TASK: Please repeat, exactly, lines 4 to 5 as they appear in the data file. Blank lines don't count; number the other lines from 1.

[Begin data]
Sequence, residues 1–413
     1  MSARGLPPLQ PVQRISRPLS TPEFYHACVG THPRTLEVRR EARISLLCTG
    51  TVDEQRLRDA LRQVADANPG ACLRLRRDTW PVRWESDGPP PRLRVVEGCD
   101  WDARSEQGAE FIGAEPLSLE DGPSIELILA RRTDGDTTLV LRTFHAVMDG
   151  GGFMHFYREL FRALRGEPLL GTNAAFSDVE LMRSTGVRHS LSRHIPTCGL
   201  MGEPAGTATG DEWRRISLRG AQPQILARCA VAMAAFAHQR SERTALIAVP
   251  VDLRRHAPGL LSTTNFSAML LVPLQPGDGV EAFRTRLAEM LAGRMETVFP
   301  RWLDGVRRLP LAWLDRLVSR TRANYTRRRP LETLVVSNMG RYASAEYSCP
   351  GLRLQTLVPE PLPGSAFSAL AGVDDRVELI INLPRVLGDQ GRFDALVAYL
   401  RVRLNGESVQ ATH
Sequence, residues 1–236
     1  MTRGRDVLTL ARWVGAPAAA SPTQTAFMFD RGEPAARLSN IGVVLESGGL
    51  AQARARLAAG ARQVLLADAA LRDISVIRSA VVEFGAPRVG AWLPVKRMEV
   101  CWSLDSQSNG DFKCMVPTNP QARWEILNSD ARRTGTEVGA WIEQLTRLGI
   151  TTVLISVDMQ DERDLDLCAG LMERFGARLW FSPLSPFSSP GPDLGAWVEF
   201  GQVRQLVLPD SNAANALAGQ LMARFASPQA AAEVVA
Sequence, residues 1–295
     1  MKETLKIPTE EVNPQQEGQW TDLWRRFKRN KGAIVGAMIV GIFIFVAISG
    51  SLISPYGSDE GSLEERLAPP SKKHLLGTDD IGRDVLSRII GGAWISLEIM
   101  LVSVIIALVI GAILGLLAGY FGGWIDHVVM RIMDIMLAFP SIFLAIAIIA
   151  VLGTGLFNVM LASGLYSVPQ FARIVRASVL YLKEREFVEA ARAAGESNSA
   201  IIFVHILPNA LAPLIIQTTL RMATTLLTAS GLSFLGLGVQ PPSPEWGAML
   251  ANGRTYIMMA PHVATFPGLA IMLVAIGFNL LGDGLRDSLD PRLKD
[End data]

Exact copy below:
   101  WDARSEQGAE FIGAEPLSLE DGPSIELILA RRTDGDTTLV LRTFHAVMDG
   151  GGFMHFYREL FRALRGEPLL GTNAAFSDVE LMRSTGVRHS LSRHIPTCGL